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Pride

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The Boxtrolls

"The Boxtrolls" is a beautiful example of the potential in LAIKA's stop-motion approach, and the images onscreen are tactile and layered. But, as always, it's…

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Ballad of Narayama

"The Ballad of Narayama" is a Japanese film of great beauty and elegant artifice, telling a story of startling cruelty. What a space it opens…

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Monsieur Hire

Patrice Leconte's "Monsieur Hire" is a tragedy about loneliness and erotomania, told about two solitary people who have nothing else in common. It involves a…

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Bordwell & Thompson: Declaration of Principles

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Or, maybe, a Notice of Recurrent Themes. Or The Bordwell Manifesto?

No, David Bordwell and Kristin Thompson don't really call it a "Declaration of Principles." But, in recognition of their first blogiversary at on their invaluable blog, Observations on film art and Film Art, David looks back over what they've done in the last year, and notices some "recurrent themes":

*In keeping with the blog’s title, we emphasize film as an art form. More specifically, we’re especially interested in how structure and technique work together, which few blogs outside the industry do.... [We] incline toward somewhat finer-grained analysis of cinematic storytelling, even if that means going shot by shot. If we want as well to make an evaluation of the film, as we sometimes do, we then have some concrete evidence to back it up.

*We also treat film art as tied to film commerce—both the mainstream industry and the less-acknowledged form of commerce known as film festivals. We’ve always believed that there isn’t necessarily a battle between film as an art form and “the business.”...

*We’re happy to find that a lot of filmmakers read and link us. One of the purposes of "Film Art" was to show how artistic expression in cinema is tied to practical decisions made by filmmakers; that’s why we begin the book with an overview of the process of film production....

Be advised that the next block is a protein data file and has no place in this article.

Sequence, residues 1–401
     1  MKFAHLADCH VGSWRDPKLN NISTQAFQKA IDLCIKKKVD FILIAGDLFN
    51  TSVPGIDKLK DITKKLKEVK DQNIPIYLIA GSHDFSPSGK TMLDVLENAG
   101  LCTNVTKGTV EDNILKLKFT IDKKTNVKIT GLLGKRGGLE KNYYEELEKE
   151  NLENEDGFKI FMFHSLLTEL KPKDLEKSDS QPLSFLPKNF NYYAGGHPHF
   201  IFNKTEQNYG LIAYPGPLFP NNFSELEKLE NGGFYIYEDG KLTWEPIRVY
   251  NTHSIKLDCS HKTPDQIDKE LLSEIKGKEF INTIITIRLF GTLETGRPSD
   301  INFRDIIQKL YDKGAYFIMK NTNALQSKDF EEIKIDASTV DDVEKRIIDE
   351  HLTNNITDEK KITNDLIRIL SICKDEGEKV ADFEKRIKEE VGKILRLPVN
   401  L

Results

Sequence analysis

*We’ve tried to deflate some clichés of mainstream film journalism. Writers of feature articles are pressed to hit deadlines and fill column inches, so they sometimes reiterate ideas that don’t rest on much evidence. Again and again we hear that sequels are crowding out quality films, action movies are terrible, people are no longer going to the movies, the industry is falling on hard times, audiences want escape, New Media are killing traditional media, indie films are worthwhile because they’re edgy, some day all movies will be available on the Internet, and so on. Too many writers fall back on received wisdom. If the coverage of film in the popular press is ever to be as solid as, say, science journalism or even the best arts journalism, writers have to be pushed to think more originally and skeptically.

*There’s the theme we might call the continuing presence of the past. I notice that many of our entries comment on a current event or topic by showing that it has parallels and precedents in earlier periods of film history.... Rather than celebrating apparent innovation, it’s more exciting to see how filmmakers connect to tradition, shaping it in ways that even they might not be aware of doing. We tend to see the present through a narrow window, but historical awareness widens and deepens the view....

Bravo, and nobody does it better. Congratulations David and Kristin on a stellar first year.

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